Friday, August 17, 2012


The Voice Reporter
By Ove Overmyer
President, CSEA City of Rochester Library Workers Local 828 Unit 7420

New York State-- For over a century, libraries have responded to what our patrons have been asking from us with even greater intensity with less financial resources since the current recession started: help with computer skills, providing tools for life-long learning, assisting folks who apply for unemployment insurance, helping citizens find a job, and just about everything else under the sun.

Here is a brief recap of New York State library funding: From 1998 to 2006, libraries and library systems received no state funding increases, while other educational institutions received generous attention. When economic conditions worsened, libraries were then the first to receive cuts. Library Aid has been cut six times in the last three years, from $102 million in 2008 to $79 million in 2011 which translates to a 23 percent reduction. In contrast, state funding for School Aid dropped by only 2% during the same period.

One would think that library leaders could easily engage our local elected delegation with a sound argument for properly funding our libraries and library systems—especially when we share common issues of importance.  Sadly, we all have experience with elected officials who do not put the library in their top-ten list of critical issues. Conversely, most legislators believe that economic and workforce development is a major priority for a healthy economy but have no clue that functioning libraries are a necessary part of that formula.

Let’s be clear here— libraries have been leading the way providing the support necessary for any economic recovery to happen. For many new legislators and business leaders, when this revelation is finally realized, it was like a light bulb when off over their head. Unfortunately and to this day, too many lawmakers still don’t get it and see libraries as just dusty depositories for books—and it is every citizen’s job to make them refocus this 19th century perspective.

Anyone can be a Library Champion

Anyone who gives a damn about libraries should be actively engaged in addressing our elected officials and explain to them what the role libraries have played in improving their quality of life—whether it was simply reading a best–seller, studying for a civil service exam at the library or attending a workshop on improving interview skills.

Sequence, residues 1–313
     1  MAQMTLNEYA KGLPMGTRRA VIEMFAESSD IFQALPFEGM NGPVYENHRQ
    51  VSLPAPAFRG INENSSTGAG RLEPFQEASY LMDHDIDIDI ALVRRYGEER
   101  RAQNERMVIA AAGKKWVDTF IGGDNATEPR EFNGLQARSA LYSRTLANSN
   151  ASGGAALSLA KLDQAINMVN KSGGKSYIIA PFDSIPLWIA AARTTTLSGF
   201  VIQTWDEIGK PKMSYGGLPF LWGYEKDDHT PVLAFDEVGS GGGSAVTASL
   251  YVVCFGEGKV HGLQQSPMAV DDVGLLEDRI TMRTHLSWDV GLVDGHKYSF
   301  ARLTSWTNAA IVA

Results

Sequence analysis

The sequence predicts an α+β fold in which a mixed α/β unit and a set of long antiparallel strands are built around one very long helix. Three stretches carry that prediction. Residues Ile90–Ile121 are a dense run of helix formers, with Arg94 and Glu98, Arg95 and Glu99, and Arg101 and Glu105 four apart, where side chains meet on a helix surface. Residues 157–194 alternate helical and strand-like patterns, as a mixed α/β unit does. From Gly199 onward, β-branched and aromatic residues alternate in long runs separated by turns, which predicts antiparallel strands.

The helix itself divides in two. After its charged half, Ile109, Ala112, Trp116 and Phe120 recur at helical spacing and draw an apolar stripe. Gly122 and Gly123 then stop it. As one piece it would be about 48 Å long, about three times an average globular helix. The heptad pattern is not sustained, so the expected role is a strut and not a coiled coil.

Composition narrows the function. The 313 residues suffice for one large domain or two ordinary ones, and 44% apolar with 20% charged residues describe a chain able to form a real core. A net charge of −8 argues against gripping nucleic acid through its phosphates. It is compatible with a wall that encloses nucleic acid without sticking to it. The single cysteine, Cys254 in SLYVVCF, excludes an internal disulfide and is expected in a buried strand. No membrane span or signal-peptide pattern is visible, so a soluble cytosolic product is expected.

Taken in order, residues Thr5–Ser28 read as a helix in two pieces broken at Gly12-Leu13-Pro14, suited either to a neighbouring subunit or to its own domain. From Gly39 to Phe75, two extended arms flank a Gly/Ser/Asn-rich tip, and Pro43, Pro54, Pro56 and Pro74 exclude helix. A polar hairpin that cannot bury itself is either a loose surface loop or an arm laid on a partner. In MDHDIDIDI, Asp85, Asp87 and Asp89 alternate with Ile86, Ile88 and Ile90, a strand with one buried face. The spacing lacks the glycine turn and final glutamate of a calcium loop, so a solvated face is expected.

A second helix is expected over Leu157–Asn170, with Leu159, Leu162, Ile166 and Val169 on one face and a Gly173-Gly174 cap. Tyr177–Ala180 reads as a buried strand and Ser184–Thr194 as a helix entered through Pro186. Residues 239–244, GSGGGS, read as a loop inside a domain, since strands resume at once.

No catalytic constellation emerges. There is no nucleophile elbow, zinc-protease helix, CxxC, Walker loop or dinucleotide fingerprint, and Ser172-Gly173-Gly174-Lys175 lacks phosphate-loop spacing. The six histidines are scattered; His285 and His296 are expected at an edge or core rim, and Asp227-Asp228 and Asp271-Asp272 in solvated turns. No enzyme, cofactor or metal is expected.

Library advocates are struck time and time again by how few people actually know what goes on in a school, academic or public library these days and how we operate.  Every time we speak to groups about what we do with respect to our economy or preparing a new generation for success, people begin to see libraries in a new light and are astonished at the depth and breadth of resources that are available to every citizen. 

We should find as many opportunities as possible to demonstrate to new listeners how involved libraries are in addressing the community’s most pressing issues.   We need more civic leaders from other sectors talking about the importance of public libraries too— and that’s why I am asking you to become a library champion today.

Our efforts to lobby the state legislature and governor have ramped up over the past few years. And just like other public entities, we are battling for our piece of the pie. Albeit, a very small piece of pie. To put some perspective on how much New York State budgets for Library Aid, let’s just say that it equals less than one-tenth of one percent. No kidding.

Library advocates have also been thinking about the difference between library users and library supporters.  In library circles, we spend a lot of time, as we should, talking about library users, how to identify them, serve them better, communicate more effectively.  But as we know from plenty of surveys and data, library use does not necessarily correlate with library funding dollars. 

Rather, library supporters believe that the library can be transformative for those who walk through our doors.  Increasing support for the library depends on us being active leaders focused on accurately reflecting the reality of library services and products. And therefore, convince others that libraries are truly the best return on investment of public dollars any taxpayer can spend. This-- my library friends, will remain one of our biggest challenges and top priorities for the 21st century.

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